The only archaeologists to study how astronauts live while on board the International Space Station are now offering to advise the designers of the next orbiting outposts.
The co-directors of the International Space Station Archaeological Project (ISSAP) have partnered with an architect to found Brick Moon, a new consultancy firm that is aimed at helping improve productivity, reduce costs and support crew well-being aboard new space habitats. Brick Moon is making its formal debut this week at the International Astronautical Congress (IAC) in Paris, France.
"We're really excited about this," Justin Walsh, co-founder of Brick Moon and co-director of the ISS Archaeological Project, said in an interview with collectSPACE.com. "It is chance for us to move from the basic research of the International Space Station Archaeological Project to applied research in a sense, where we are taking problems presented to us by space habitat designers, mission planners and the like and answering those questions based on the results we have been finding and the experiences we've had doing the archaeological and other research under the ISSAP label."
Established by Walsh and fellow "space archaeologist" Alice Gorman in 2015, the ISS Archaeological Project was the first large-scale space archaeology study and the first to focus on an operational space habitat. The project looked at the refuse returned from the International Space Station and, working with the crew aboard the orbiting laboratory, established "dig sites" to better understand the needs of the people who have continuously lived aboard the station for more than 20 years.
The ISS Archaeological Project is continuing, but it has reached the point where its results can now be of use to more than just researchers, according to Walsh.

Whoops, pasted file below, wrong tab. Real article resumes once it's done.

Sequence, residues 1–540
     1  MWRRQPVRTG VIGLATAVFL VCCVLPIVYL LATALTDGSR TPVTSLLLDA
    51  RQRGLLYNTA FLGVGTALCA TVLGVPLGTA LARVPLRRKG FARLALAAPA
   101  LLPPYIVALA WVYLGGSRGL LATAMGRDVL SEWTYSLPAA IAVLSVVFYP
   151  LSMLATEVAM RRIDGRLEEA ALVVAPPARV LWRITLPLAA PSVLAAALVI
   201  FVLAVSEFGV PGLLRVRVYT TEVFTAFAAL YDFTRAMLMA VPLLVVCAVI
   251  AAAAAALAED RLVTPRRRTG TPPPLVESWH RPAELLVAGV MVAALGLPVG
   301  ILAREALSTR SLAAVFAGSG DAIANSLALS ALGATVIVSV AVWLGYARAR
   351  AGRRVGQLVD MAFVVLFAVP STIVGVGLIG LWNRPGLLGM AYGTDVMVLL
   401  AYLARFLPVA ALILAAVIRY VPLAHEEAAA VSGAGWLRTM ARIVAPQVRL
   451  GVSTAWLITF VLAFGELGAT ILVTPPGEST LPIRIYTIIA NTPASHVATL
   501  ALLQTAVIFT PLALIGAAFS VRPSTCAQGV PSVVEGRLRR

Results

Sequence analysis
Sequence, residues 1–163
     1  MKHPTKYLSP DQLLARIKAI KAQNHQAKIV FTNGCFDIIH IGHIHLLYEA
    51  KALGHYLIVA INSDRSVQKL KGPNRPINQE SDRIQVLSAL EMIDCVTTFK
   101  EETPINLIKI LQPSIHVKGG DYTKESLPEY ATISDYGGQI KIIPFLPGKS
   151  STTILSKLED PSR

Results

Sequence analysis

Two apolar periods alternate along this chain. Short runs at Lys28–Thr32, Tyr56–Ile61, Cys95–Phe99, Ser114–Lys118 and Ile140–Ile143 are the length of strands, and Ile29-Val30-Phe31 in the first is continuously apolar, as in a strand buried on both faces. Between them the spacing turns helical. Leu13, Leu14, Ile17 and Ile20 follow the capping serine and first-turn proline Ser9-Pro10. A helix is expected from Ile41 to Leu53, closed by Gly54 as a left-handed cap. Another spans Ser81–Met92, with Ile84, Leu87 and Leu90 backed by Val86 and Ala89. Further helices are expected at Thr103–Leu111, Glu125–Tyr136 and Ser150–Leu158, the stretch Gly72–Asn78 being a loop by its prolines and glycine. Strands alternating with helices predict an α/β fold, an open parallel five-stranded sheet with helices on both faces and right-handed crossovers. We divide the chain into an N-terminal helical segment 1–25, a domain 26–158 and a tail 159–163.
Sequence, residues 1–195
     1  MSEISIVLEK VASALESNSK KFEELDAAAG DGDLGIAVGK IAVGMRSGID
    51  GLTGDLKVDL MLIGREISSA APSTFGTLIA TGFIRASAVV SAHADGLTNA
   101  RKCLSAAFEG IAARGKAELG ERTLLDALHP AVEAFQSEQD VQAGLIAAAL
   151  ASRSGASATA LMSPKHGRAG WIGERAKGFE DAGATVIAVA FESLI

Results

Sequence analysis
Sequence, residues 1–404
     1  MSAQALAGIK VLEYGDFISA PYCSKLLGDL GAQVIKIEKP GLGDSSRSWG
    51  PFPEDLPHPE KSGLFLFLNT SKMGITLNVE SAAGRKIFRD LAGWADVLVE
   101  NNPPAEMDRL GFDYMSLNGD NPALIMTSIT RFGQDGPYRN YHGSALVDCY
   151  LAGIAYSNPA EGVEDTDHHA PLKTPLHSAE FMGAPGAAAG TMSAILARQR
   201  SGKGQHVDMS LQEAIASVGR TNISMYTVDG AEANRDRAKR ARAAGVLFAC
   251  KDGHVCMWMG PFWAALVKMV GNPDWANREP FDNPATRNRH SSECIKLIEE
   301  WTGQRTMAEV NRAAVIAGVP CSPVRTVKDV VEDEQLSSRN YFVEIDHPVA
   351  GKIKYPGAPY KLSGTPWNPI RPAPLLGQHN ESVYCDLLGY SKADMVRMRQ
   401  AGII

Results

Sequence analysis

"We're really pumping out the results," he said. "That was one of the reasons that it felt like we had a critical mass in terms of the things that we've learned and we're able to talk about that could really help designers figure out better ways to do what they want to do, more efficient ways to do what they want to do and maybe less costly ways to do what they want to do."
"Our driving goal is how do we make life better on future space habitats," Walsh said. "As social scientists — and our colleague Fred [Scharmen] is an architectural designer — we are human-centered in trying to understand what's the experience of people living in space."
"And we know that if we want to achieve our goal that we have to engage with the people who are building the future space habitats," he said.
Several companies are designing privately-operated space stations to be ready for when the International Space Station is decommissioned between 2024 and 2030. Axiom Space is now building its first modules that under a NASA contract will be docked to the ISS for testing before becoming a free-flying, independent platform. Separately, Blue Origin and Sierra Space are developing "Orbital Reef" to become a "mixed-use business park" in low Earth orbit.
Similarly, Nanoracks is working with Lockheed Martin to deploy Starlab with the George Washington Carver (GWC) Science Park at its core. Beyond Earth, NASA is working with Northrop Grumman and Maxar, as well as its international partners, to build the Gateway, a human-tended station orbiting the moon.
Walsh said that he and his colleagues have been in touch with all of the players in the new space habitat business.
"We have talked to pretty much everybody, although not within the guise of Brick Moon, because Brick Moon is brand new," he told collectSPACE. "We've been letting them know, kind of quietly, that this is something that we're planning and we are at IAC this week where we are talking to a lot of those people about what we can offer and what our plans are for the future."
"They know that they don't have the run up time that ISS had," Walsh said, referring to the years of on-orbit development before full utilization began. "They need to be ready to go, ready to have customers in place and be able to serve those customers, so there are concerns for them, like how are they going to use their spaces properly and what kinds of things are they going to need aboard those space stations to be ready for their clients? And that's where we come in."
In that sense, Brick Moon's first lesson is not to be like "The Brick Moon." The namesake for the new company, "The Brick Moon" is an 1869 science fiction novella by Edward Everett Hale that includes the first description of a fictional space station. In the story, a large brick-built sphere intended as a navigational device is accidentally launched with people on board.
"We just really love that story," Walsh said. "It really takes us back to the full amount of time that people have been imagining living in space. I don't think most people think that's how long people have been thinking about it."